Results
Description of the new approach
Indistinguishability requires that the identical particles cannot be individually addressed and, in accordance to quantum mechanics, introduction of unphysical quantities to treat them is thus unneeded. In fact, the system can be completely described in terms of observables determining the oneparticle states. The global state, taken as the set of oneparticle states, must be considered as a “holistic” indivisible entity. We illustrate this point by taking for simplicity a system of two identical particles whose state vector describes one particle in the state ϕ and one in ψ: it is thus completely characterized by enumerating the states and represented as . The physical predictions on the system follow from the twoparticle probability amplitudes , where φ, ζ are oneparticle states of another global twoparticle state vector. We assume that it can be expressed by means of the oneparticle amplitudes (l = φ, ζ; r = ϕ, ψ) and linearly depends on oneparticle states. Due to the indistinguishability, the probability amplitude of finding one particle in φ (ζ) comes from having one particle in ϕ or ψ, as illustrated in Fig. 1. By simply applying the quantum mechanical superposition principle of alternative paths^{39}, we define the twoparticle probability amplitude as a symmetrized inner product of two state vectors in terms of a linear combination with same weight of products of oneparticle amplitudes
where η^{2} = 1. This equation constitutes the core of our approach and directly encompasses the required particle spinstatistics symmetry, or symmetrization postulate^{38,40} (see Methods about particle exchange in our approach). The righthand side of Eq. (1) induces a symmetry with respect to the swapping of oneparticle state position within the twoparticle state vector: or . The probability amplitude of finding the two particles in the same state φ is . As usual, according to the Pauli exclusion principle this must take the minimum value (zero) for fermions which gives η = −1, while the maximum value for bosons implying η = +1. Linearity of the twoparticle state vector with respect to oneparticle states immediately follows from the linearity of the oneparticle amplitudes in Eq. (1). The twoparticle state vectors thus span a nolabel symmetric state space . In general, as in second quantization, a twoparticle state is not normalized. The corresponding normalized state , such that , is , where is obtained by Eq. (1). For orthogonal oneparticle states, , one has and .
A oneparticle operator A^{(1)}, according to the standard definition^{38}, acts on a twoparticle state as . Its expectation value on a normalized state is . In a oneparticle state space with basis , in general . Using symmetry and linearity from Eq. (1), it is straightforward to show that . We now define a nonseparable symmetric external product of oneparticle states , from which and (for fermions it recalls Penrose’s wedge product defined in terms of labelled states^{41}). This permits us to write which defines a symmetric inner product between state spaces of different dimensionality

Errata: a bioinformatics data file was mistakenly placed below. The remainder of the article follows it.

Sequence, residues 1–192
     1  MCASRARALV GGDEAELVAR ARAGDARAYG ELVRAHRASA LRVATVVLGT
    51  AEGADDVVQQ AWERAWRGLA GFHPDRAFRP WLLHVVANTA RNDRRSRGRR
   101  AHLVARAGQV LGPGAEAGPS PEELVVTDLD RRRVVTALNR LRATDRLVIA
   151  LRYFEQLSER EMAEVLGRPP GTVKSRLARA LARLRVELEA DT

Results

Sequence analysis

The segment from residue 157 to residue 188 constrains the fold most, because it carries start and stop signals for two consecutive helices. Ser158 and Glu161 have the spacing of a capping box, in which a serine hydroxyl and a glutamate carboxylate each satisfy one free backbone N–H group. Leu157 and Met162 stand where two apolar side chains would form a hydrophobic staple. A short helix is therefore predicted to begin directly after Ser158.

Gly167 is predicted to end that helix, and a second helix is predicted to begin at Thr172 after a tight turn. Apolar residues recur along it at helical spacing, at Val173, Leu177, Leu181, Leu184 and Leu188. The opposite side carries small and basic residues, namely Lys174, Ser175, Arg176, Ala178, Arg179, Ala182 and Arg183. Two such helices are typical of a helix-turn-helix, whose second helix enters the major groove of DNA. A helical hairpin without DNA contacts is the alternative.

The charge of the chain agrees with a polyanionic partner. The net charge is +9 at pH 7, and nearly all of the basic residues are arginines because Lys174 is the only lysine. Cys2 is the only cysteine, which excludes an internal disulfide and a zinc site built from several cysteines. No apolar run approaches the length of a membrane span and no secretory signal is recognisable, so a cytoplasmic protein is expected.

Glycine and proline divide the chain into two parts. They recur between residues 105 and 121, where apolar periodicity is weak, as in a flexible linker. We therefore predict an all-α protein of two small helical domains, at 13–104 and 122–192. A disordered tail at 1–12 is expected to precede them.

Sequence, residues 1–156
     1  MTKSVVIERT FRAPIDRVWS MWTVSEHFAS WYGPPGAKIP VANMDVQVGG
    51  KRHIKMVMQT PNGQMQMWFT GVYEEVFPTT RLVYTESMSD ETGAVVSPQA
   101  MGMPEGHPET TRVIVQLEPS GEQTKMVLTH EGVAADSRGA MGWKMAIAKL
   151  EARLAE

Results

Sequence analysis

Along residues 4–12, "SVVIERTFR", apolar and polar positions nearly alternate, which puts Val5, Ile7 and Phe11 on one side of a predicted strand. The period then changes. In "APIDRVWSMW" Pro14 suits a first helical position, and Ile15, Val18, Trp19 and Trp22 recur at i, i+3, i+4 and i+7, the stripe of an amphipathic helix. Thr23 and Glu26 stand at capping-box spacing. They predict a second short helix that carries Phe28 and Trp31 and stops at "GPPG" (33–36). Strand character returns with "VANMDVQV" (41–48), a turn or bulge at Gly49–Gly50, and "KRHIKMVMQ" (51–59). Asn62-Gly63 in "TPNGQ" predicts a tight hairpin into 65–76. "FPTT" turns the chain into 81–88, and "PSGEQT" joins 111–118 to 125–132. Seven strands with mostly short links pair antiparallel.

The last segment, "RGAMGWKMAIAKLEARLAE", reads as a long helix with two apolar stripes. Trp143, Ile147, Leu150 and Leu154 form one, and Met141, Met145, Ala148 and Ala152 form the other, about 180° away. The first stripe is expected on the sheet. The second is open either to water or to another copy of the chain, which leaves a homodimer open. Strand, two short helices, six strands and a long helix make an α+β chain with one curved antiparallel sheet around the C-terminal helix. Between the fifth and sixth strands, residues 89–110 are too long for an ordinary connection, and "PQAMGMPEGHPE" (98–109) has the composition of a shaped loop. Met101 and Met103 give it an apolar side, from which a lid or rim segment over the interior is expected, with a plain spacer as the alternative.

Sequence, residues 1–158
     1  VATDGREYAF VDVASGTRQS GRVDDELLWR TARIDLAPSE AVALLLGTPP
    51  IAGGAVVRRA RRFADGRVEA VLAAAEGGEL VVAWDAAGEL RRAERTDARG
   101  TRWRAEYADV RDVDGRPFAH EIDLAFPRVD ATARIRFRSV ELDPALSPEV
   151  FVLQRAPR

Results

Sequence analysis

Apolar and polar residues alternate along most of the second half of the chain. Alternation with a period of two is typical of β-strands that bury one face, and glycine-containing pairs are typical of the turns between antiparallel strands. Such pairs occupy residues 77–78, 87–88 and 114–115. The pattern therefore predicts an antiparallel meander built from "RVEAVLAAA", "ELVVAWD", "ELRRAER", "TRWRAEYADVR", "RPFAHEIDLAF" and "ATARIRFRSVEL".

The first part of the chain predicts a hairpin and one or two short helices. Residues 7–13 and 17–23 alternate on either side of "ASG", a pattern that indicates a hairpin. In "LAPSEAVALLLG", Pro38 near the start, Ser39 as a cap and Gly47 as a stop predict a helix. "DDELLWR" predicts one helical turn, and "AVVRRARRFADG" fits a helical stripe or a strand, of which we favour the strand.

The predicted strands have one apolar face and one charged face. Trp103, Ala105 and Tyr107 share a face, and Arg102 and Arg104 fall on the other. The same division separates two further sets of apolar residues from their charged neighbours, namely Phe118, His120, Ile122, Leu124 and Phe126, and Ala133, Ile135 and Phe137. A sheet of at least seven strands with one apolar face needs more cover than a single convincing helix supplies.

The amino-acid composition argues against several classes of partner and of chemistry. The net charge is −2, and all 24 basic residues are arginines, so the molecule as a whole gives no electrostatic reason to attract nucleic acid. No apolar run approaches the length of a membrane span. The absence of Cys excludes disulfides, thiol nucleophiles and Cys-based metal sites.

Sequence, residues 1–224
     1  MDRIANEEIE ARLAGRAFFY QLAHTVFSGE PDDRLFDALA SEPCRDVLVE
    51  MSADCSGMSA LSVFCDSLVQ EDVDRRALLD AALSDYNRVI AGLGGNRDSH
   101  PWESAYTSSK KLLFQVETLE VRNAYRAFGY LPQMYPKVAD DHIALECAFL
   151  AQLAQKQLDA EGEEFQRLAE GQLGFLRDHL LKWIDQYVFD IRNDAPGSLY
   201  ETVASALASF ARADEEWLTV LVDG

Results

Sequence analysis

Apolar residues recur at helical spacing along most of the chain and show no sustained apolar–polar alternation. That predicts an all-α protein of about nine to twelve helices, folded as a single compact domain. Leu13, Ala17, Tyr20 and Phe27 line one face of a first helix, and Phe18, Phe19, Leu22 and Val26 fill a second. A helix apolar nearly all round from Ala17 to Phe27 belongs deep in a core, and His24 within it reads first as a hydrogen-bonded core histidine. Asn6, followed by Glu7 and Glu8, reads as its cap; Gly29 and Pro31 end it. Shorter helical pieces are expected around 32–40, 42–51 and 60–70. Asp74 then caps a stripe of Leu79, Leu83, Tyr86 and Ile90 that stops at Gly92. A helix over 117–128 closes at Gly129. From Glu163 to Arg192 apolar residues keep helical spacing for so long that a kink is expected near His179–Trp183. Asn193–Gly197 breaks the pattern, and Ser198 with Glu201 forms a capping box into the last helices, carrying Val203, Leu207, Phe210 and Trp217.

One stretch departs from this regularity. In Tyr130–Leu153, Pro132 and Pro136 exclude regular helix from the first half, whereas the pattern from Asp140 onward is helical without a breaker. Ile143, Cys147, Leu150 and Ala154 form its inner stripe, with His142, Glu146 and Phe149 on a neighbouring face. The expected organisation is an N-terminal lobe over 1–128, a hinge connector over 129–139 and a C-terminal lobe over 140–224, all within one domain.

This equation provides the unnormalized reduced oneparticle pure state obtained after projecting a twoparticle state on (oneparticle projective measurement). Consider now the oneparticle projection operator and then define the oneparticle identity operator , such that . It is immediate to see that and thus . Therefore, the normalized reduced oneparticle pure state and the probability p_{k} to observe it after the projective measurement are, respectively,
where is obtained by Eq. (2) and . If the two oneparticle states are orthonormal then , which corresponds to the sum of probabilities of two incompatible outcomes, as expected. The partial trace of a system is physically interpreted as the statistical ensemble of all the normalized reduced states obtained after projective measurement on the basis states, that operationally corresponds to measure a subsystem particle without registering the outcomes^{1,2}. Hence, from Eq. (3) we immediately determine the oneparticle reduced density matrix as
where and . For calculation convenience, we emphasize that is obtained starting from unnormalized twoparticle states and finally introducing a normalization constant such that . We stress that the definition of partial trace given above is a physical operation on the system state, based on effective projective measurements, which never suffers the controversies exhibited by the unphysical partial trace operation performed in the description with name labels (see Methods for comparison and discussions)^{20,21}.
As a consequence of remaining within , we can exploit the ordinary notion that the degree of mixing of the reduced density matrix is directly related to the amount of entanglement of the global pure state^{1}. Entanglement is a nonlocal quantum feature and its presence in composite systems of nonidentical particles is individuated by local measurements made on the individual particles^{1,2,21}. To quantify entanglement of identical particles, which are individually unaddressable, a suitable definition of oneparticle measurement must be given which requires the condition of locality. Here we give the following:
Definition. A local oneparticle measurement for systems of identical particles is the measurement of a property of one particle performed on a localized region of space M (site or spatial mode) where the particle has nonzero probability of being found.